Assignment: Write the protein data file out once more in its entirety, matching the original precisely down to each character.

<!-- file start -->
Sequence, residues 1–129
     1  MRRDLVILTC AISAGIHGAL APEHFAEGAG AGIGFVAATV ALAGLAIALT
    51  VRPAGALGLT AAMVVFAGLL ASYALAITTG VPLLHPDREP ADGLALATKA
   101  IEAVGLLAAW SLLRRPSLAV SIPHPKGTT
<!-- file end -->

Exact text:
Sequence, residues 1–129
     1  MRRDLVILTC AISAGIHGAL APEHFAEGAG AGIGFVAATV ALAGLAIALT
    51  VRPAGALGLT AAMVVFAGLL ASYALAITTG VPLLHPDREP ADGLALATKA
   101  IEAVGLLAAW SLLRRPSLAV SIPHPKGTT